A former Texas lawman says he warned AG Ken Paxton in 2020 that he was risking indictment
A former Texas lawman says he told Attorney General Ken Paxton in 2020 that he was risking indictment by by helping a donor under FBI investigation
AUSTIN, Texas (AP) — As Texas Attorney General Ken Paxton’s impeachment trial neared the halfway point Friday, a former state lawman said he warned the Republican in 2020 that he was risking indictment by helping a donor under FBI investigation.
Four days into the historic proceedings, Paxton continued to stay away from the trial in the Texas Senate that has put his embattled career on the line after being shadowed for years by criminal charges and allegations of corruption. He has pleaded not guilty to the articles of impeachment and his defense team has not yet had its turn to call witnesses.
Both sides were each given 27 hours to present their cases and arguments and have used up about half that time, said Republican Lt. Gov. Dan Patrick, who is presiding over the trial. All the testimony so far has come from former aides to Paxton, each of whom has given varying accounts of Paxton pressuring them to help local real estate developer Nate Paul, including to undermine FBI agents looking into his business.
“If he didn’t get away from this individual and stop doing what he was doing, he was gonna get himself indicted," said David Maxwell, who ran the law enforcement division in Paxton's office.
The trial recessed after his testimony and will resume Monday.
Maxwell is a former Texas Ranger, the state's elite law enforcement division. As he began his testimony, an attorney for Republican impeachment managers sought to underline his credentials and reputation in front of a jury of Republican senators who will decide whether Paxton should be removed from office.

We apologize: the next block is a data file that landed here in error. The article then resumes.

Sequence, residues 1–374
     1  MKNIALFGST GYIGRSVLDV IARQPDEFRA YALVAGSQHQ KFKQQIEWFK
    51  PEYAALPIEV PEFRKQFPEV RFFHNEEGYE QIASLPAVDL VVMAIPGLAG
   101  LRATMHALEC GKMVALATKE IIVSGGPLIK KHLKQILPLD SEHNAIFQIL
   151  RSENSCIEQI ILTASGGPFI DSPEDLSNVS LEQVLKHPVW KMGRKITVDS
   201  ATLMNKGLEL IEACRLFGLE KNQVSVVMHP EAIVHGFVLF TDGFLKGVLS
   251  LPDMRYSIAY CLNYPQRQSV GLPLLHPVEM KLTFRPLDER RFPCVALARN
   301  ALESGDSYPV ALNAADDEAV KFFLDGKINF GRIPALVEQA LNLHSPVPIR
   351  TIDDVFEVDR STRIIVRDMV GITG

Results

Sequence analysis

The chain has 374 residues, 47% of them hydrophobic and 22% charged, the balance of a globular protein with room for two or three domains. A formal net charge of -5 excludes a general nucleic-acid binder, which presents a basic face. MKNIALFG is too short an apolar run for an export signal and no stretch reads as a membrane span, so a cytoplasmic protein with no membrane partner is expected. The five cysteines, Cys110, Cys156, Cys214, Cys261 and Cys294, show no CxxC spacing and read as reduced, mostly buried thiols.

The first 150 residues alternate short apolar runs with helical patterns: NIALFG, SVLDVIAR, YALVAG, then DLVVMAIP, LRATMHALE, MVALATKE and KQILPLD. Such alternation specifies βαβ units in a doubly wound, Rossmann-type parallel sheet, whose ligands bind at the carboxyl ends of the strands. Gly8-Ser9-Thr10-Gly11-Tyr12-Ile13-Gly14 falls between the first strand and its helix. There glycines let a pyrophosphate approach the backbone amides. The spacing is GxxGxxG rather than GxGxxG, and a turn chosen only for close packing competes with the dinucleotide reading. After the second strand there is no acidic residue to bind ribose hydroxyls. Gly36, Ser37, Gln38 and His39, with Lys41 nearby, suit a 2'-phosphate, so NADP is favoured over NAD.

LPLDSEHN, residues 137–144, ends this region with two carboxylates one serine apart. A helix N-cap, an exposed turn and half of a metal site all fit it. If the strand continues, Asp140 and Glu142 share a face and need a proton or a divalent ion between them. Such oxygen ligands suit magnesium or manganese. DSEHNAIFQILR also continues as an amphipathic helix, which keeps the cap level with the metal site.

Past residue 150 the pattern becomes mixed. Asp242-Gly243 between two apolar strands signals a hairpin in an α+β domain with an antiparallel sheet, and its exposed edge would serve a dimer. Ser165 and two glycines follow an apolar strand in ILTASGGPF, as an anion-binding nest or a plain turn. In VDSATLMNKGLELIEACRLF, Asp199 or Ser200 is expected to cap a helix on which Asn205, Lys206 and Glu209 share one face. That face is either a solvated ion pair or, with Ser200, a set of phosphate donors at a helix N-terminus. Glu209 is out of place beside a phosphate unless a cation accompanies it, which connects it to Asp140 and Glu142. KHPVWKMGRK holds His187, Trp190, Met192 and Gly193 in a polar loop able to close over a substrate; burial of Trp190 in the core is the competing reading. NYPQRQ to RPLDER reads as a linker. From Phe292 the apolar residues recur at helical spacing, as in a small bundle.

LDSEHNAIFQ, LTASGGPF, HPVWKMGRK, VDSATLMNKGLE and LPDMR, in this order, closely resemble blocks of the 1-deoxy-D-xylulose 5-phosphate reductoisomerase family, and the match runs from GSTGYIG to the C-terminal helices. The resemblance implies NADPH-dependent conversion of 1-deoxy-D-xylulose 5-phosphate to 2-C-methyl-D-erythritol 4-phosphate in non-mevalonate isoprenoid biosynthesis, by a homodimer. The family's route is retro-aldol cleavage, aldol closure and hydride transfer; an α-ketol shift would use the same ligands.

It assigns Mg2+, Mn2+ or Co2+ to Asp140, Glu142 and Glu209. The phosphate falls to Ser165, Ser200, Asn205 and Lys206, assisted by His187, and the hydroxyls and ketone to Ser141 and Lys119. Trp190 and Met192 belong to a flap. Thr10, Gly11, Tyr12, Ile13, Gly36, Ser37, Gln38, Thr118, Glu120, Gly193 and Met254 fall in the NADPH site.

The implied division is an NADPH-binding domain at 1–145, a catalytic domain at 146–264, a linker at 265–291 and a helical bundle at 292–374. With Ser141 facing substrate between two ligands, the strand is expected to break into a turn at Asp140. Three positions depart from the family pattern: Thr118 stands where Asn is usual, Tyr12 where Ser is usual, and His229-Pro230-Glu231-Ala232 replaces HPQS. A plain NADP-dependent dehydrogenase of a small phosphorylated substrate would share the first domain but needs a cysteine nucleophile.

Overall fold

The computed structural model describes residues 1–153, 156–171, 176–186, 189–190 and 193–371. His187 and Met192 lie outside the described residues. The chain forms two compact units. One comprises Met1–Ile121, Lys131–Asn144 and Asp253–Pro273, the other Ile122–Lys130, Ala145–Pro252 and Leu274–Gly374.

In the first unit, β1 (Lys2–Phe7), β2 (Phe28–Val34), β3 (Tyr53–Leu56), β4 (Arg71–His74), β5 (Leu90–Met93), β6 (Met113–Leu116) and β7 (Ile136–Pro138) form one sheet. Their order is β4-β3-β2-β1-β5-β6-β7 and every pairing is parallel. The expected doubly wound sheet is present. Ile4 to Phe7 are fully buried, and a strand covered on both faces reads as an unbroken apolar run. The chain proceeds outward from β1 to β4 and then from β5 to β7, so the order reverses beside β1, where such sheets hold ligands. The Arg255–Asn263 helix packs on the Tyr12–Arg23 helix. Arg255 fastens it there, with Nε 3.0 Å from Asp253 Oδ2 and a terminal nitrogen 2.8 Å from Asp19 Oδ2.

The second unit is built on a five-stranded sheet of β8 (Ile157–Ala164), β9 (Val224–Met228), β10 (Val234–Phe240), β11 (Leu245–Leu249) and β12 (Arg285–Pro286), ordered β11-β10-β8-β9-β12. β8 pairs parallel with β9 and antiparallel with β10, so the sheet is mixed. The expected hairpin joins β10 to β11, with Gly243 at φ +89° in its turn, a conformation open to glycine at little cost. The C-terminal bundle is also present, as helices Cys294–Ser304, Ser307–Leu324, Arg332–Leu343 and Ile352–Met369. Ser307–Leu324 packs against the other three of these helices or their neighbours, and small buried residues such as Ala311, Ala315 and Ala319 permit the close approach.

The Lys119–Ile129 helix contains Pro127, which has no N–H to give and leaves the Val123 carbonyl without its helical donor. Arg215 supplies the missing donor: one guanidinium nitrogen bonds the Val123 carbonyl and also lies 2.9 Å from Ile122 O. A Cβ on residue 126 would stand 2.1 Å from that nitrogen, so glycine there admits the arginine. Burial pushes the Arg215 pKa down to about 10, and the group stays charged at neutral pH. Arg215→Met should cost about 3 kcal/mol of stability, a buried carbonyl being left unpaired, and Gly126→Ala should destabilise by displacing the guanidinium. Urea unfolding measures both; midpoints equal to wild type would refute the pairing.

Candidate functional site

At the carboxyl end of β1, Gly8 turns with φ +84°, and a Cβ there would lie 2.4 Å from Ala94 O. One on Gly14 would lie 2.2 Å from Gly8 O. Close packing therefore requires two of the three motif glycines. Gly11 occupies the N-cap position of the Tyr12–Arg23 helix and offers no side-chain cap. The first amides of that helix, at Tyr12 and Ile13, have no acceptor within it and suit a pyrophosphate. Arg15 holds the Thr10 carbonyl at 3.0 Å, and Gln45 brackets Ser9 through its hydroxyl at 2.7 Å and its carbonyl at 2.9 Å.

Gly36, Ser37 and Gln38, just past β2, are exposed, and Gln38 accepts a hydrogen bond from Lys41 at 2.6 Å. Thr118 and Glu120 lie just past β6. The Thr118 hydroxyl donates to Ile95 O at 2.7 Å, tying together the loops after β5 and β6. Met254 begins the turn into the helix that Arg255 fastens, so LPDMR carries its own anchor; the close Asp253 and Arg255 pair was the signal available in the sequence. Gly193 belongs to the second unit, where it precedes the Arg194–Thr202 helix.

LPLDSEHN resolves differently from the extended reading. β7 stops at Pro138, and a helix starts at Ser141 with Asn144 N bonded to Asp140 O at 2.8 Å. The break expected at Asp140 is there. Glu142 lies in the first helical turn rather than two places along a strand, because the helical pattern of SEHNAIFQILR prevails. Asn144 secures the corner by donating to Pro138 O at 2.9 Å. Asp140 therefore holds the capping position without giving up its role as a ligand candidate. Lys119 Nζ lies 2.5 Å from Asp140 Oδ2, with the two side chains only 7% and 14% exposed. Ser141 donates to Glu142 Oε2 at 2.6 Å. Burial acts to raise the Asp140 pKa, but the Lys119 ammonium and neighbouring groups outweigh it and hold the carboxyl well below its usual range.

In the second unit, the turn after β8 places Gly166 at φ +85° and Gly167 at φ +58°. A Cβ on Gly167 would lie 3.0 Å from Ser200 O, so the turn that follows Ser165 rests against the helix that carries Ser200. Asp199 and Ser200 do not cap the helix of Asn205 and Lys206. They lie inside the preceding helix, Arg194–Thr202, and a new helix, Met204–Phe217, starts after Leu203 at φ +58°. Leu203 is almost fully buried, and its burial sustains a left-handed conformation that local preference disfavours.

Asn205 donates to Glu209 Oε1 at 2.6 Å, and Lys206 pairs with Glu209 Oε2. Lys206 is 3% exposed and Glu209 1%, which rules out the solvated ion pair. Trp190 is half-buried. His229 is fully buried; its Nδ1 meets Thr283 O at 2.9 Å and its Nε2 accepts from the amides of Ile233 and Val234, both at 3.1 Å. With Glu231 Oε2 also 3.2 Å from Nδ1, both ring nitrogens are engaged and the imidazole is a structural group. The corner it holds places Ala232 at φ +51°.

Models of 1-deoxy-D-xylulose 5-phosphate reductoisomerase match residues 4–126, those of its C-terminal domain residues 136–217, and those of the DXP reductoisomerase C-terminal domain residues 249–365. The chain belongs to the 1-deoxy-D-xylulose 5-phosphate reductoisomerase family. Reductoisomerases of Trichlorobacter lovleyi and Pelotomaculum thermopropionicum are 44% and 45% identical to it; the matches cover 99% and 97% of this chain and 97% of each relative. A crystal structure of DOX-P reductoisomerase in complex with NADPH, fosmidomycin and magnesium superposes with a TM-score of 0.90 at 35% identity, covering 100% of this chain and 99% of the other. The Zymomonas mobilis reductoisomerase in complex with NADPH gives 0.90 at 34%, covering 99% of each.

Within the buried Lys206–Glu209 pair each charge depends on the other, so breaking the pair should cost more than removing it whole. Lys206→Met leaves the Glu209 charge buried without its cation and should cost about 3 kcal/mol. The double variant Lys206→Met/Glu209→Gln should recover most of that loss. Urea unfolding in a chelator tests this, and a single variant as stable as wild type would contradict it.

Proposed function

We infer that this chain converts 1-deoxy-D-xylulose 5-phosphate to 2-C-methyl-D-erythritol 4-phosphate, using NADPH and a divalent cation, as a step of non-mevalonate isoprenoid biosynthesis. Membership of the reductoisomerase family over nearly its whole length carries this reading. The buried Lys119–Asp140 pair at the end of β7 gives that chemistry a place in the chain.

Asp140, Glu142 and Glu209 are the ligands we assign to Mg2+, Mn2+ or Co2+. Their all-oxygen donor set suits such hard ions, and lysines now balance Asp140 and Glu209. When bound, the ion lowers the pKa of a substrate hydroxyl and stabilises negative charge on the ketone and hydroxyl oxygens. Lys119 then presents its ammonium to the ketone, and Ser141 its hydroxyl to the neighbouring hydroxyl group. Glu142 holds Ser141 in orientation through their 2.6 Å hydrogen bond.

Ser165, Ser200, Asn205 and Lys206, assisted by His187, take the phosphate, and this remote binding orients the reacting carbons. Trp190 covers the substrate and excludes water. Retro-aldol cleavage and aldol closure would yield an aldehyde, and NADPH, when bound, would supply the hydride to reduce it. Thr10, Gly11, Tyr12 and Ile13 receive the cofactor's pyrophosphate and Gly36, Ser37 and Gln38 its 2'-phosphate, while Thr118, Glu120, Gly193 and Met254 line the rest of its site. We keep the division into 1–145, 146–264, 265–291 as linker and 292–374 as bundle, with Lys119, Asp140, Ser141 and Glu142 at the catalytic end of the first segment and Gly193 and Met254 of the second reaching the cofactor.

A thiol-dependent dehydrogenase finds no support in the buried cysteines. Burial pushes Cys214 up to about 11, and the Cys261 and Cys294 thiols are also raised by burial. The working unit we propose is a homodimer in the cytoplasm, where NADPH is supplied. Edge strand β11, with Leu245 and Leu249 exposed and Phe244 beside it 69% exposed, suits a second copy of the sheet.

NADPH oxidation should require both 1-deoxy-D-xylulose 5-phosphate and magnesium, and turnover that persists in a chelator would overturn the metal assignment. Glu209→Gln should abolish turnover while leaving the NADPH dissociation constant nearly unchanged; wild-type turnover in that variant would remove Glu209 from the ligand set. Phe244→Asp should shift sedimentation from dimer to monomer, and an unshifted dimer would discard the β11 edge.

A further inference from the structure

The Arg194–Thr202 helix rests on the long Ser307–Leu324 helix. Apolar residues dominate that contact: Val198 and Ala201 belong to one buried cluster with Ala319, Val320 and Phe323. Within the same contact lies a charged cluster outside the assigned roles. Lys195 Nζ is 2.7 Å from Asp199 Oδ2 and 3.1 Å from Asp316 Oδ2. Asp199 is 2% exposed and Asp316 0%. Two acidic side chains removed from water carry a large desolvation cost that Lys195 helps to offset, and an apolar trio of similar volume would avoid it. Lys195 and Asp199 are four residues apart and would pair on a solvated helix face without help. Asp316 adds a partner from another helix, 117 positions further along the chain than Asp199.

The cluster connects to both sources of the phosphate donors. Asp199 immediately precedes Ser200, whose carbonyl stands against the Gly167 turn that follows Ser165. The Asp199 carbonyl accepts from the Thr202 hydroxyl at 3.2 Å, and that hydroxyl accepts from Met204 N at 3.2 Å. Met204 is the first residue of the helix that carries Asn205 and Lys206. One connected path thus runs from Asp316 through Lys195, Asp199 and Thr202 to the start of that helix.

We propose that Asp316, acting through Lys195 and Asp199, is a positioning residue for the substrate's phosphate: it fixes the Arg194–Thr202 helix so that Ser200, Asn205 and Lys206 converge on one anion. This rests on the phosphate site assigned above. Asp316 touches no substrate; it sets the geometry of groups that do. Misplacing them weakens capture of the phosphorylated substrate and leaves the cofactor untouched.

Maxwell testified that Paxton, through another deputy, had urged him to investigate Paul's allegations of wrongdoing by state and federal authorities, including a federal judge, after the FBI searched his home. Paul was indicted this summer on charges of making false statements to banks. He has pleaded not guilty.
Maxwell said he met repeatedly with Paul and his lawyer but found their claims to be “absolutely ludicrous.” He said opening an investigation into the claims might itself be a crime, but that Paxton became angry with him “because I was not buying into the big conspiracy that Nate Paul was having him believe.”
A group of Paxton's deputies reported him to the FBI in 2020, prompting a federal investigation of the two men’s dealings that remains ongoing. Both have broadly denied wrongdoing and Paxton has not been charged.
On cross-examination, Paxton defense attorney Dan Cogdell suggested Maxwell’s background as a Ranger may have predisposed him to be skeptical of allegations against law enforcement officials. He also pressed Maxwell on why he thought opening the requested investigation would have been obstruction of justice despite Paul's lawyer insisting that they weren't seeking to interfere with the FBI probe.
“They obviously did not say they wanted a crime to be committed," Maxwell said. “His actions belied his words."
If convicted by the Texas Senate, where Republicans hold a dominant majority, Paxton would be removed from office and possibly barred from holding any political office in the future.
A two-thirds majority — or at least 21 votes — is needed to convict. That means if all Democrats vote against Paxton, they still need nine Republicans to join them.
Find AP's full coverage of the impeachment of Texas Attorney General Ken Paxton at: https://apnews.com/hub/ken-paxton